The entire modern world relies on combinatorial algorithms. If you want to make a program faster, you need combinatorics. If you want to understand modern programming, you need combinatorics. Without combinatorics, some programs that now take a split second would require weeks.

Cellphone communications -- Error correcting codes, wavelet and fourier optimizations.
Game programming -- polygon optimization
This website -- comment hierarchies

Anyplace you have a hundred or more pieces of data -- which is pretty much every site, store, program, place, or project -- there is likely some combinatorial improvement being used. Especially in programs. If it's fast, there are combinatorics helping out.

• People are getting downvoted left and right nowadays... Commented May 6, 2013 at 16:56
• I would like to hear more for sure and I won't mind if you add some more details!
– user75930
Commented May 6, 2013 at 17:02

Another important application of combinatorics is in representation theory, symmetric functions, and the study of varieties with lots of symmetries (Grassmannians, flag varieties, toric varieties, symmetric varieties, spherical varieties).

In general, objects with enough symmetries can often be described by discrete (often finite) data. Combinatorics comes into play in order to parameterize the data and, more generally, because relationships between objects are often described in terms of combinatorics of the data.

As a simple example, suppose you want to study $k$-dimensional subspaces of an $n$-dimensional vector space $V$. One way to understand such a subspace $W$ is to consider a "flag" of $V$, which is a sequence of subspaces $$0 = V_0 \subset V_1 \subset \dots \subset V_i \subset \dots \subset V_n = V,$$ with $\dim(V_i) = i$. You can divide the different subspaces $W$ based on the weakly increasing sequence of numbers $$0 = \dim(W \cap V_0) \leq \dim(W \cap V_1) \leq \dots \leq \dim(W \cap V_i) \leq \dots \leq \dim(W \cap V_n) = k,$$ with the restriction that at each stage the dimension can go only up 1 or stay the same. An equivalent way to describe the position of $W$ relative to the flag is to give a sequence of length $n$ consisting of $k$ 1's and $n-k$ 0's, with a $1$ occurring in the $i$-th position exactly when $\dim(W \cap V_i) > \dim(W \cap V_{i-1})$.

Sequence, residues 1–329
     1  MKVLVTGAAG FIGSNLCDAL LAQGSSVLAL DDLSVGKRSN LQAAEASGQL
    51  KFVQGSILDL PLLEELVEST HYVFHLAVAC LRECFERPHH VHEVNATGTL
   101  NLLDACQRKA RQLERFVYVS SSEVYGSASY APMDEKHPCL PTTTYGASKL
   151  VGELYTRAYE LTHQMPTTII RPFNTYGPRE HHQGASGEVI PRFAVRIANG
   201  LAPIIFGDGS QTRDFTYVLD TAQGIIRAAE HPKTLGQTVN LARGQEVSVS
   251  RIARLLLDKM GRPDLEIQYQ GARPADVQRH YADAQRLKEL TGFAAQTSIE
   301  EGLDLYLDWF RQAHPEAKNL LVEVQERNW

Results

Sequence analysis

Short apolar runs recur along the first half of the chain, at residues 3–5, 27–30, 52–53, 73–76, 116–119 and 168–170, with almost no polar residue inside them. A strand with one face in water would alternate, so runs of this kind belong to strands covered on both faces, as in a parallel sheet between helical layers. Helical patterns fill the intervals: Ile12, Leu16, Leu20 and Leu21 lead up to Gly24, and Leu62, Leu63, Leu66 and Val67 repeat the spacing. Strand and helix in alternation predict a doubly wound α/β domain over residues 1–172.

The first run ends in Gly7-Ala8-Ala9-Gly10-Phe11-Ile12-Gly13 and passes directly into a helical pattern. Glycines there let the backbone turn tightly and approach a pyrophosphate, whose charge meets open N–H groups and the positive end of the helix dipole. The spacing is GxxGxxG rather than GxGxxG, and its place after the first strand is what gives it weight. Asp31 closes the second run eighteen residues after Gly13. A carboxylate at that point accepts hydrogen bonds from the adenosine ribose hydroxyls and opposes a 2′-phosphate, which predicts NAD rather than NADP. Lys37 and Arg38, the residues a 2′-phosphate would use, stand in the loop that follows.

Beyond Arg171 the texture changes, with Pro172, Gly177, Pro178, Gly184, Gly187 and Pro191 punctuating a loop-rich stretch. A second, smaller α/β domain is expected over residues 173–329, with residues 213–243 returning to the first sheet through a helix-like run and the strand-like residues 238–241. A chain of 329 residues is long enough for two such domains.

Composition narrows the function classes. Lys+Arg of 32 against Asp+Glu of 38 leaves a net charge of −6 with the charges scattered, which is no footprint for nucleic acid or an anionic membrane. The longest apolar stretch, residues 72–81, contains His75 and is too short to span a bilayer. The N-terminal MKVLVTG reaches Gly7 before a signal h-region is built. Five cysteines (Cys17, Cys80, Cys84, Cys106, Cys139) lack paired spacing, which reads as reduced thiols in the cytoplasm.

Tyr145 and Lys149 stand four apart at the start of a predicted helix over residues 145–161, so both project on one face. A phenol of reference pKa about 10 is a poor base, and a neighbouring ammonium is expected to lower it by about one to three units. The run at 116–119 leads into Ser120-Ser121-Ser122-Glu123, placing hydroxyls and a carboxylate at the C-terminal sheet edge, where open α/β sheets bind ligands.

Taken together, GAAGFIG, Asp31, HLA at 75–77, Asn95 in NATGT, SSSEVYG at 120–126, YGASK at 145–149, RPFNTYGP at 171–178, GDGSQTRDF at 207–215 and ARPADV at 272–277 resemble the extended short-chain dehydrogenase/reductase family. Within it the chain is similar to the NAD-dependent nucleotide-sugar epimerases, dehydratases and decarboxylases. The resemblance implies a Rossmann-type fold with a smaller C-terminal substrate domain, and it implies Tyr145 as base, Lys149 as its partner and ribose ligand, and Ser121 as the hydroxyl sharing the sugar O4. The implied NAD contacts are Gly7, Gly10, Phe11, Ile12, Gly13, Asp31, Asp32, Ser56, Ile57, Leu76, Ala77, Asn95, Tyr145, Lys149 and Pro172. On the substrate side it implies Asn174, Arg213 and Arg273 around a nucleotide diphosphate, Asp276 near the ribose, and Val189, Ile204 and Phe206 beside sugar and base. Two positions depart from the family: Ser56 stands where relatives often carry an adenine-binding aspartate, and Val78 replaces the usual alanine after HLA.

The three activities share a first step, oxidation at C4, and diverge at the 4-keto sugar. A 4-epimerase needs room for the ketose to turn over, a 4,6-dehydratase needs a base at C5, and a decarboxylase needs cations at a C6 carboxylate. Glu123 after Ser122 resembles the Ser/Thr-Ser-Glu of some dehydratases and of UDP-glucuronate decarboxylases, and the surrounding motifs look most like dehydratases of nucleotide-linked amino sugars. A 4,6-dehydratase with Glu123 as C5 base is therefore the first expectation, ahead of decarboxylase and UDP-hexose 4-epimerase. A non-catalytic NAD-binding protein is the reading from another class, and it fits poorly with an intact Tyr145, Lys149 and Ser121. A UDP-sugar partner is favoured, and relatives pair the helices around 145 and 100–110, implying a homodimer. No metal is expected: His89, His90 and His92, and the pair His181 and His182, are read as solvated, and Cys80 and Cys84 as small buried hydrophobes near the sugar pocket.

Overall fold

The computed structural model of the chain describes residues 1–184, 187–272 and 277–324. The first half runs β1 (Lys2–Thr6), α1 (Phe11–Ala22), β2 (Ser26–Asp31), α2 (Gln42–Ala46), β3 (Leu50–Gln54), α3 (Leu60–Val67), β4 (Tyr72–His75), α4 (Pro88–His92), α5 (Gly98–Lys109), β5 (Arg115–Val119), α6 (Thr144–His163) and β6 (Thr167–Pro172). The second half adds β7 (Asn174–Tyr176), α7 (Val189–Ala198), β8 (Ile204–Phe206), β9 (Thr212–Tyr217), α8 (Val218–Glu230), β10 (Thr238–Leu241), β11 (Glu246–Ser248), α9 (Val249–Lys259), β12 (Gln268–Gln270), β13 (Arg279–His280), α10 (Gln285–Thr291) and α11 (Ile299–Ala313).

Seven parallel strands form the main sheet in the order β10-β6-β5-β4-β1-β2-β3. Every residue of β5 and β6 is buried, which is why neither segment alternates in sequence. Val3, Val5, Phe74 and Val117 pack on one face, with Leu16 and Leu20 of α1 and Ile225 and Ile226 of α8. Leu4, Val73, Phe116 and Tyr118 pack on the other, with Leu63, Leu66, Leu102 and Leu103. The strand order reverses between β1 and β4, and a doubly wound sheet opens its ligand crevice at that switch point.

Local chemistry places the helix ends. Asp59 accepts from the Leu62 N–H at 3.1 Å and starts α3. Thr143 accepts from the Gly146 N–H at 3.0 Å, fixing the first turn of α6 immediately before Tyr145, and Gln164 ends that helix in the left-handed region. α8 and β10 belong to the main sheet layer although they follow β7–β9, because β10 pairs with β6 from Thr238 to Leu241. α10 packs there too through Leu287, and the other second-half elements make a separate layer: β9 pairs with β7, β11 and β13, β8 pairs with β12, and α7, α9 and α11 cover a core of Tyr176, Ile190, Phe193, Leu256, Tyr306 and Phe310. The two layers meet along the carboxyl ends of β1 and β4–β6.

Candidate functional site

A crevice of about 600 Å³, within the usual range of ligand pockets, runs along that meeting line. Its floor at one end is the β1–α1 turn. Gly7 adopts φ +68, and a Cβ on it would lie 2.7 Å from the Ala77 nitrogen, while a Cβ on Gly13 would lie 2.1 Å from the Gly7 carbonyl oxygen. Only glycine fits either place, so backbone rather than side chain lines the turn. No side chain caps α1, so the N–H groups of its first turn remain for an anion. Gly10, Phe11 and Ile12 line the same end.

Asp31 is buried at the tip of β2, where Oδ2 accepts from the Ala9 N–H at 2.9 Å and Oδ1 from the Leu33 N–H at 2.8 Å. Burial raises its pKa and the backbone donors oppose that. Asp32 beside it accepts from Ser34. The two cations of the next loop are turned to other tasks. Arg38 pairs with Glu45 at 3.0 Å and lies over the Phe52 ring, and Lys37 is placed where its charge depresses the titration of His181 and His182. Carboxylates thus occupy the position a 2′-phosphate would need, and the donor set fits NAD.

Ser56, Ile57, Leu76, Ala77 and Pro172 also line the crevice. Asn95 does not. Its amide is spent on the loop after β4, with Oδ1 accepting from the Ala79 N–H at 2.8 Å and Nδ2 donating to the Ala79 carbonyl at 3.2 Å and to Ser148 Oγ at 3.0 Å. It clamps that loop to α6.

A simple observation is that the number of different "cells" that you have divided the subspaces into is equal to $n \choose k$, since this counts the number of such strings of 0's and 1's. This is only the beginning of a rich interplay between combinatorics and geometry. The moral is that if you want to study an object with symmetries, you are very likely to encounter some interesting combinatorics along the way.

You left out statistics. If you're dealing with finite sets of possible events, a lot of statistical questions come down to combinatorics. If you e.g. have $n$ random variables $X_n$ with finite domains, and want to find the distribution of $X_1+\ldots+X-n$, you have to figure out in which ways the possible outcomes of $X_1,\ldots,X_n$ can sum up to a specific value.

Lots of high-school combinatorics is done with such applications in mind, i.e. the infamous

You pick so-and-so many objects from an urn containing this-and-that what is the probability that you picked objects with some-property-of-selection

I would like to mention about recursions and generating functions (the tools that you refer to). Recursion relations (or difference equations) is (more or less) equivalent to the differential equations in physics or any other scientific domain. To roughly understand difference equations they are defined over an integral domain whereas differential equations are over a real domain (the difference is much more fundamental than this since a differential equation can also be defined on an integer domain, u can look up this).

The recursion equation is the functional equation of any system helping in enumeration. As an example Catalan numbers have nearly 150 different applications (discussed in Richard P. Stanley's book in Enumerative Combinatorics), there is even a complete volume on Catalan number written Thoamas Koshy.

Generating functions is a brilliant tool to solve recurrences. This is a beautiful mathematical device to find a closed form equation to the recursive relations. If you are computer science student (or programmer) you will hardly be needing these tools.

If you are computer science major (which Im guessing you are) you will rarely be needing these tools(G.F.'s that is) but recursion equations are something that you will never escape, and plus its helluva fun too!!!

Combinatorics turns out to be pretty important for group theory and probability. It's also relevant for topology, analysis, etc.